Microsoft has released a preview of Azure Container Instances, a new way to deploy containers which emphasises speed and ease of use above scalability and orchestration.
A web application running in
an Azure Container Instance
The company already offers an Azure Container Service, so why another option? The idea is to simplify deployment by further abstracting the infrastructure. The existing Container Service works by creating a cluster of VMs (virtual machines) configured for orchestration by a management system such as DC/OS, Kubernetes or Swarm.
Although the Container Service does a good job of automating the configuration, there are awkward issues, such as keeping the VMs patched. It is also a relatively heavyweight solution if you just want to get a test containerised application up and running quickly.
The new Azure Container Instance (ACI) is smaller, quicker and easier. Currently it is only available through the Azure Cloud Shell. You can create a container instance using the command:
az container create
specifying the container image to run, the number of virtual CPUs required, the amount of memory, and whether the IP address is public or private.
Your container does, of course, run on a VM, but the details and management of this are handled by the service. It is a multi-tenant service, but Microsoft promises that “your application is as isolated in a container as it would be in a VM”.
Startup time is quicker than creating a VM-based container.
The new service is not intended to replace the Azure Container Service, which remains suitable if you want a more scalable deployment that you can use with an orchestrator. Having said that, Microsoft has also released an ACI connector for Kubernetes, so you can use both VM and ACI containers in the same Kubernetes cluster.
There is overlap with another Azure service, Web App on Linux, which is also in preview. This lets you deploy containers as Azure Web Apps, with easy scaling features. Like ACI, Web Apps relieve you of the responsibility of managing the VMs used for deployment. ACI still wins for the quickest way to get a container running on Azure.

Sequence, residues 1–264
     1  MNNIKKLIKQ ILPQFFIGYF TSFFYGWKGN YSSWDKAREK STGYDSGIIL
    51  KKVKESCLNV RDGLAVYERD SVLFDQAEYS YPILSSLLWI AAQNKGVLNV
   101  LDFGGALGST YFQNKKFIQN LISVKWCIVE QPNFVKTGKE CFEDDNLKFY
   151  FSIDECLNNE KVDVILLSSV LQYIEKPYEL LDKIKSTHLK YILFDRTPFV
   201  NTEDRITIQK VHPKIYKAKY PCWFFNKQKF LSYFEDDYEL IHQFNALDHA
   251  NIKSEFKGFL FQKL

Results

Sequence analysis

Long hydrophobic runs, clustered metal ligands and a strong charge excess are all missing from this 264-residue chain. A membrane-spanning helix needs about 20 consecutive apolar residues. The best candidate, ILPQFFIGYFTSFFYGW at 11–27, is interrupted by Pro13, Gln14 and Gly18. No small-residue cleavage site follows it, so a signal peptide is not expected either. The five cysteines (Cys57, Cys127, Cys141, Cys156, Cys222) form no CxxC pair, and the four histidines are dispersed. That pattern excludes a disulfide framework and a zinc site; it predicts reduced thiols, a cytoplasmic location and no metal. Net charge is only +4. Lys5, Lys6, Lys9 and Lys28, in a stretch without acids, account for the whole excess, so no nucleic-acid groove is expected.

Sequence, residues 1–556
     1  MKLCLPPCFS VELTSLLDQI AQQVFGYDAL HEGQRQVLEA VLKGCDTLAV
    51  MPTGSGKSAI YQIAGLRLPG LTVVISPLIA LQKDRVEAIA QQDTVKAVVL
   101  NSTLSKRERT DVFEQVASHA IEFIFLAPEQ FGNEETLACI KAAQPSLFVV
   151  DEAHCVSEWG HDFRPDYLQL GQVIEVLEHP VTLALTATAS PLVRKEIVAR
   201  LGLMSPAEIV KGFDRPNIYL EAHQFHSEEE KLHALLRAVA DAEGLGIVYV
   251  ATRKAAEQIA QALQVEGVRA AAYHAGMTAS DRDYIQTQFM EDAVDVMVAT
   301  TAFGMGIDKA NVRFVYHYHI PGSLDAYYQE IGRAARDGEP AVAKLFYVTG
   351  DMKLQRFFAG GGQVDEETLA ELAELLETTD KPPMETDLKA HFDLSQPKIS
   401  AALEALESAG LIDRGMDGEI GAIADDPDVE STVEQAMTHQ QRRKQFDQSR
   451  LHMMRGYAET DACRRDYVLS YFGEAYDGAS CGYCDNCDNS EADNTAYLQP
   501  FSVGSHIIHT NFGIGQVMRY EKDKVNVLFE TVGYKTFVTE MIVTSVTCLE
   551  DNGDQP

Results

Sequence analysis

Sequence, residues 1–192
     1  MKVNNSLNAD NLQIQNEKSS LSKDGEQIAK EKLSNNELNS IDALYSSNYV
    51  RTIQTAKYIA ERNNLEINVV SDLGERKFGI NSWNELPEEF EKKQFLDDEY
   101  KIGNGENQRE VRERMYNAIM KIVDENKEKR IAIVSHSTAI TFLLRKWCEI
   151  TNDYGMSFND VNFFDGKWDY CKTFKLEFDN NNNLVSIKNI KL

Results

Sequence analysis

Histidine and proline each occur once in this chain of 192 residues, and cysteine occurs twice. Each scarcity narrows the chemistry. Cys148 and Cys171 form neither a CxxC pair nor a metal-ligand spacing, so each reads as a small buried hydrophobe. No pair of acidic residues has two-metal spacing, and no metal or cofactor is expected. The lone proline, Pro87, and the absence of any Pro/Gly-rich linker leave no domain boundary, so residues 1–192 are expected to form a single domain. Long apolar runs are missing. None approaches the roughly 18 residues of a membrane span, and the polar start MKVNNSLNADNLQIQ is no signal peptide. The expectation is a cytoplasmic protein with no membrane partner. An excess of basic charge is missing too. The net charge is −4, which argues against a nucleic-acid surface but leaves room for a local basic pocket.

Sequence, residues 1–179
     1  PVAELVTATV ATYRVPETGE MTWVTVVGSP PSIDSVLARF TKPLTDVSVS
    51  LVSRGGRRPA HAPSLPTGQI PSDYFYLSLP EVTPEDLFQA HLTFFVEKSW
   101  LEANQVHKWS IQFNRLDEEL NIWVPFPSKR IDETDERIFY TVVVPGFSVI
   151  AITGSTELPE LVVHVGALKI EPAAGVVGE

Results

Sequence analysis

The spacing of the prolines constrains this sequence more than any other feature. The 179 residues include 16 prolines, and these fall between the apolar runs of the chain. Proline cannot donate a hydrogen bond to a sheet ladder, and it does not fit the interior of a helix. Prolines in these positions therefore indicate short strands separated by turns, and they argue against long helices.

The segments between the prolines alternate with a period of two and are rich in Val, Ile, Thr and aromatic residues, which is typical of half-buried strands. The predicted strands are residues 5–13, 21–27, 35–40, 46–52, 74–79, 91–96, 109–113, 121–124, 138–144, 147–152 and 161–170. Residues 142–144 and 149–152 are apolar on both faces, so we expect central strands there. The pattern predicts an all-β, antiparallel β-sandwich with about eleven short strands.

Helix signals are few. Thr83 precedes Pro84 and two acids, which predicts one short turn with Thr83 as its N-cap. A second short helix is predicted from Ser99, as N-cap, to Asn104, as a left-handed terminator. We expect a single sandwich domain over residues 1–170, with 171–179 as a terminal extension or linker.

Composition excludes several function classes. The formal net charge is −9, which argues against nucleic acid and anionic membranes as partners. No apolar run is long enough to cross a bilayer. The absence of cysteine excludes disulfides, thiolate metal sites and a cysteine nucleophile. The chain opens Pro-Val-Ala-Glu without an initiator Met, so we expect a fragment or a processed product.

All three of the above options can deploy container images from the same Azure Container Registry.
The ACI currently only supports Linux containers, though the director of Azure Compute, Corey Sanders, promises that Window container support is coming “in the next couple of weeks”.
Microsoft has also announced that it is joining the Cloud Native Foundation (CNCF) – a project of the Linux Foundation – as a Platinum member, one of 15 such members alongside Google, IBM and RedHat (just a sniff of “anyone but AWS” here). CNCF is committed to promoting container-packaged applications which are oriented towards microservices.
Once again, Microsoft is clear that it does not care whether you run Windows or Linux, provided you do so on its Azure cloud. ACI looks useful, if only as a quick way to deploy, test and tear down containerized applications with little pain, presuming the service works as advertised.
You can find more information here.®